So in Oxford it was settled that I should stay; a tolerable character for the last term or two, and the notorious fact that I was going up at Easter, ostensibly for a class, obtained me the necessary permission: strange that, in the University, one should require leave to read! My friends, John Brown and Harry Chesterton, were to stay up too; and we promised ourselves some hours of hard work, and many merry ones together. The vice-principal and one of the juniors, the only fellows that would be in residence, were both gentlemen, and always treated the under-graduates as such; we should get rid of the eternal rounds of beef and legs of mutton that figured at the commoners' table in hall; there would be no morning chapel; and altogether, having had nearly enough of the noisy gayety of a full term, we looked forward to the novelty of a few quiet weeks in college with a degree of pleasure which surprised even ourselves.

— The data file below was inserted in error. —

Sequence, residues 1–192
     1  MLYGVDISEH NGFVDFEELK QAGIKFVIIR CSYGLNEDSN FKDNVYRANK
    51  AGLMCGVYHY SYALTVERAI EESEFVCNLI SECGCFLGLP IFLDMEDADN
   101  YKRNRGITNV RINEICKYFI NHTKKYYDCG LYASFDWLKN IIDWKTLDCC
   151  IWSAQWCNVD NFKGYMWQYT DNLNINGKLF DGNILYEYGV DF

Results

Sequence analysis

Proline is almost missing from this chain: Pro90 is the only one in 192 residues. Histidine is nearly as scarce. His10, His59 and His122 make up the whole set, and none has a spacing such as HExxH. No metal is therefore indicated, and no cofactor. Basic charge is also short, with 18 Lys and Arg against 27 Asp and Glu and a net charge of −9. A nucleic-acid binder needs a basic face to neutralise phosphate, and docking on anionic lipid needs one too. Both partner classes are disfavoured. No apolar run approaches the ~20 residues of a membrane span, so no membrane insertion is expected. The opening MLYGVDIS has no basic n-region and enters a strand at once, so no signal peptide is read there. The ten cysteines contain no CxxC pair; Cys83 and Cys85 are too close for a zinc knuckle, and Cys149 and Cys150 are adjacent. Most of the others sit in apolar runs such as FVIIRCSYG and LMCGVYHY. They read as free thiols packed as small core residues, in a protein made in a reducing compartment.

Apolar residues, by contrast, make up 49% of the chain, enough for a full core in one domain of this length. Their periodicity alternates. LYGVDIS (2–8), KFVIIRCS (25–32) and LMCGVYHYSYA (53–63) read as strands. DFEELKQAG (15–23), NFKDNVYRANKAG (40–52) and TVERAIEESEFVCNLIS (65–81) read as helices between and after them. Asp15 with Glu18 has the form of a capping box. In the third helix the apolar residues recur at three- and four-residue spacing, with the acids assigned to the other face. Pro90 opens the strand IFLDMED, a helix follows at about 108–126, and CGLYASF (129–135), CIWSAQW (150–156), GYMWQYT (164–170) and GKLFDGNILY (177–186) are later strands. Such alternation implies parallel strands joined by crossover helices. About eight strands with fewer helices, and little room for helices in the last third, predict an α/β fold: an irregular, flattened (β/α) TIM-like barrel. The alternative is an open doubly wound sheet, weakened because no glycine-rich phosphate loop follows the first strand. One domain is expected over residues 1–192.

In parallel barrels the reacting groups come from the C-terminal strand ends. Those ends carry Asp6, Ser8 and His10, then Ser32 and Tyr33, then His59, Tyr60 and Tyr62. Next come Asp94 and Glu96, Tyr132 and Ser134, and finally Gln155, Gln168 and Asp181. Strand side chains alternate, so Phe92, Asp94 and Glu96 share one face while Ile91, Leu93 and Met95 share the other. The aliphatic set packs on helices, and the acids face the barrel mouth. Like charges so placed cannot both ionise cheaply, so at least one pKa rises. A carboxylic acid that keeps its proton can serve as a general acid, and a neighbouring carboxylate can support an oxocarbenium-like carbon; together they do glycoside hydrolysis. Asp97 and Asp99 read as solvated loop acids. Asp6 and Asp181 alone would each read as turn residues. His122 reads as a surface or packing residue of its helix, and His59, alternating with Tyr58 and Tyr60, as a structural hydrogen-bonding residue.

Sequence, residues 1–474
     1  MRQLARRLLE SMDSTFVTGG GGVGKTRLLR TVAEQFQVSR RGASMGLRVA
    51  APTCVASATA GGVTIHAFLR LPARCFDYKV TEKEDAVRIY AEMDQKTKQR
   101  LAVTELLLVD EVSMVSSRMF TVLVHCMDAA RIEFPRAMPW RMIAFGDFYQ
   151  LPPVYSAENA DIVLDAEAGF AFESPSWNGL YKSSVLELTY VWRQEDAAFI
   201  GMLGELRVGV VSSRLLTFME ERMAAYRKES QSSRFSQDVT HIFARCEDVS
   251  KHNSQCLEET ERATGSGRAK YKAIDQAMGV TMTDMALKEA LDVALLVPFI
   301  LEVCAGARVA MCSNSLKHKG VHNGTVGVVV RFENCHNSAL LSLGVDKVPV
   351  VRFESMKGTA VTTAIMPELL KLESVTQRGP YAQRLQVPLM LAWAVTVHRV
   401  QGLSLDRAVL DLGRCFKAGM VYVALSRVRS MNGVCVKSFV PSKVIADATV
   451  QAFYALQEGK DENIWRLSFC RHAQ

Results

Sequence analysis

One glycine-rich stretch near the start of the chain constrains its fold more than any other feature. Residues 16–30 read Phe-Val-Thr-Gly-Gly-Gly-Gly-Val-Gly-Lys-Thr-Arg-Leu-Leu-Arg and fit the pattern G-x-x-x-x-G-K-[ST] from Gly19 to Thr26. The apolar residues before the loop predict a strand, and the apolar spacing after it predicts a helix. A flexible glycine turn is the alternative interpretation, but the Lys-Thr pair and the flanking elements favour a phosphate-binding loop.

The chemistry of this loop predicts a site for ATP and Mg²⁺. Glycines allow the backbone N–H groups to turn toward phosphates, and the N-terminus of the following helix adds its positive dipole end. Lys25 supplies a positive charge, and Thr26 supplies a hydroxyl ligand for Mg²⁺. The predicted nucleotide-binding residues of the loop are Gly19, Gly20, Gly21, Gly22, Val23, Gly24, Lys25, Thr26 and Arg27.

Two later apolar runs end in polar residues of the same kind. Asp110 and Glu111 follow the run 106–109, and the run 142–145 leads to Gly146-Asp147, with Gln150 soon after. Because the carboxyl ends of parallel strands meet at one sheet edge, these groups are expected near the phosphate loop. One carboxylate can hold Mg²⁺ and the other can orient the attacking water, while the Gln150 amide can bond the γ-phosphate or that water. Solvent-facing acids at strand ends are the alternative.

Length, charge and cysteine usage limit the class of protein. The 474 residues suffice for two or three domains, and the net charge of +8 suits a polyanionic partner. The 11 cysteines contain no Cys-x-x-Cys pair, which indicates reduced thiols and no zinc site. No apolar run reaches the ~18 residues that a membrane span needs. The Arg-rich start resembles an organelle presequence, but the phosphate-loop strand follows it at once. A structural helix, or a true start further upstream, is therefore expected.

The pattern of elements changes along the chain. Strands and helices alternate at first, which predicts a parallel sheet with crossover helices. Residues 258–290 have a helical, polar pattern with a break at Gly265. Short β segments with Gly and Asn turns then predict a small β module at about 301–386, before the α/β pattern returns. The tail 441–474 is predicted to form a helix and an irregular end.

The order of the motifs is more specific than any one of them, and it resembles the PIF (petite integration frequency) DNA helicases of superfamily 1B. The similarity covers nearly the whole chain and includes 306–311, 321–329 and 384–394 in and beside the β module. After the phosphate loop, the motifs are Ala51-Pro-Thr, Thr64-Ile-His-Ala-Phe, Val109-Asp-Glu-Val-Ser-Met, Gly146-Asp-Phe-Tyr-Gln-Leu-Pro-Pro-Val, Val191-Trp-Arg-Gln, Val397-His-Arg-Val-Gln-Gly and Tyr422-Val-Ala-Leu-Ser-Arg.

But alas! under-graduates are but mortals, and subject to somewhat more than the ordinary uncertainties of mortal life. It wanted but a week to the end of term; all our plans were settled. Brown was to migrate from his own rooms in "Purgatory"—as we used to call the little dark back quadrangle, where, from sheer laziness, which made him think moving a bore, he had remained ever since his first location there as a freshman, up three pair of stairs; so that, when his intimate friends wished to ascertain if he was at home, we used to throw a stone through the window—and was to take up his abode in "Elysium," where he would be Chesterton's next-door neighbour, and in the same number as myself. We were to have a quiet breakfast in each others' rooms in turn every morning; no gross repast of beef-steaks and "spread-eagle" fowls, but a slight relish of anchovy toast, potted shrimps, or something equally ethereal; and the chasse-café limited to one cigar and no bottled porter. It was cruel to interfere with such unexceptionable arrangements; but a college, though it have a head, has no heart worth mentioning; and, in an evil hour, they rusticated John Brown. At least they forbade his staying up the Christmas vacation; and, for the credit of my friend's character, let me explain. Why John Brown should have been a person particularly distasteful to the fellows of —— College, was a matter at first sight rather hard to understand. He was not what is called a rowing man; was never found drunk in the quad, or asleep at the hall lecture; never sported a pink, or drove a team; was not known to have been concerned in any of the remarkable larks which occurred in our times; was neither an agent in the Plague of Frogs, nor an actor in the private theatricals; was not a member of the Agricultural Society, which made the remarkable experiments with clover and ryegrass in the college quadrangle; had no talent for midnight howling, sang very small in a chorus, capped all the fellows diligently, and paid his battels to the minute. He was known to have asked twice for the key of the library, put down his name for the senior tutor's pet lecture in "Cornelius Nepos," bought the principal's sermon on the "Via Media," and was suspected of having tried to read it. He was not clever enough to sneer at the tutors, or stupid enough to disgust them. He was[Pg 572] too sleepy to keep late hours, too fat to pull in the boat, too stingy to give supper-parties. How on earth came the fellows not to like John Brown? "A most respectable man," the principal always said he was. "Sir," said he to his anxious father, when, at the end of his second term, he took the opportunity of a professional visit to Oxford to call to know how the hope of the Browns was progressing—"Sir, I consider your son a most respectable person: I may say a most respectable person;" and as the principal had taken wine with him once at dinner, and bowed to him at collections, and read "Mr John Brown" twice upon a card at the end and beginning of term, and thus had every opportunity of forming an opinion, and expressed that opinion oracularly, in a Johnsonian fashion, Governor Brown was satisfied. How did the fellows come not to like John Brown?—pronounced "most respectable" by the principal—declared by his scout to be "the quietest gentleman as he ever a knowed;" admitted by the under-graduates to be "a monstrous good fellow, but rather slow;" how came John Brown to fail in recommending himself to the favour of his pastors and masters—the dean and tutors of ——? Why, in the first place, John Brown, the elder, was a wine-merchant; a well-educated man, a well-behaved man; but still a wine-merchant. Now the dean's father was—I beg his pardon, had been—a linen-draper; neither well-educated nor well behaved; in short, an unmitigated linen-draper. Consequently the dean's adoration of the aristocracy was excessive. There are few such thorough tuft-hunters as your genuine Oxford Don; the man who, without family or station in society, often without any further general education and knowledge of the world than is to be found at a country grammar-school, is suddenly, upon the strength of some acquaintance with Latin and Greek, or quite as often, from having first seen the light in some fortunately endowed county, elevated to the dignity of a fellowship, and permitted to take rank with gentlemen. The "high table" in hall, the Turkey carpet and violet cushioned chair in the common room, the obsequious attention of college servants, and the more unwilling "capping" of the under-graduates, to such a man are real luxuries, and the relish with which he enjoys them is deep and strong. And if he have but the luck to immortalize himself by holding some University office, to strut through his year of misrule as proctor, or even as his humble "pro," then does he at once emerge from the obscurity of the family annals a being of a higher sphere. And when there comes up to commemoration a waddling old lady, and two thin sticks of virginity, who horrify the college butler by calling the vice-principal "Dick," no wonder that they return to the select society of their native town with an impression, that though Oxford was a very fine place, and they had real champagne, and wax candles, and every thing quite genteel, and dear Richard was very kind, still they did think he was grown rather proud, as he never once asked after his old acquaintances the Smiths, and didn't like to be teased about his old flame Mary. No wonder that in the visits, few and far between, which, during the long vacation, the pompous B.D. pays to his humble relations in the country, (when he has exhausted the invitations and the patience of his more aristocratic friends,) they do not find a trace remaining of the vulgar boy, who, some twelve years ago, quitted the seat of the provincial muses to push his fortunes in the University of Oxford. In vain does his uncle give up his after-dinner pipe, and in place of the accustomed Hollands and water, astonish the dusty decanter with port of an unknown vintage in honour of his illustrious nephew; in vain does the good old lady afore-mentioned, the unworthy mother of so bright a son, quit the instruction of pious Mr Jabez Jenkins, the "Independent" minister, and turn orthodox and high-church for the nonce, when her dearly beloved Richard "officiates" for the rev. the vicar; no ties of home or kindred, no memories of boyhood, no glow of early recollections, touch the case-hardened parasite of college growth; and when he has banished his younger brother to Australia, under pretext of making his fortune, married both his sisters, and erected a[Pg 573] cheap monument to the linen-draper's widow as the "relict of the late Thomas Thompson, Esquire," he waits in peaceful expectation of a college living, with the consciousness of having done his duty by his relations, and delivered himself from a drag upon his new career. I do not mean to set too high a value on gentle birth, or to limit nobility of character by that of blood; I believe my tailor to be one of nature's gentlemen, (he never duns,) and I know my next neighbour, Sir John, thirteenth baronet as he is, to possess the soul of a huckster, because he sells his fruit and game: still these are the exceptions, not the rule; and there are few cases of men rising from low origin—rising, that is, from circumstances, not from ability—not the architects, but the creations of their own fortunes, (for that makes all the difference)—who do not carry with them, through all the gradations of their advancement, the plebeian instincts, while they forget, perhaps, the homely virtues of the class from which they spring. There is a nobility of birth, seldom to be counterfeited or mistaken, wholly irrespective of the rank and wealth which are either its graceful accompaniments or its insufficient substitutes; fostered and strengthened by early habits and education, but none the less originally innate—as much an endowment from heaven as beauty, strength, or talent, and more valuable than all. Many men have the tact to adapt themselves to the station and the society to which they have risen, however much above their own level; they acquire the habits and the tastes, seldom the feelings, of a gentleman. They act the character well; it is carefully studied, and on the whole well sustained; it is a correct and painstaking performance, and the points tell distinctly; but there is throughout that indirect appeal to the audience which marks it to be only acting. They are more studiously aristocratic than the aristocracy, and have a horror of vulgarity which is in itself essentially vulgar.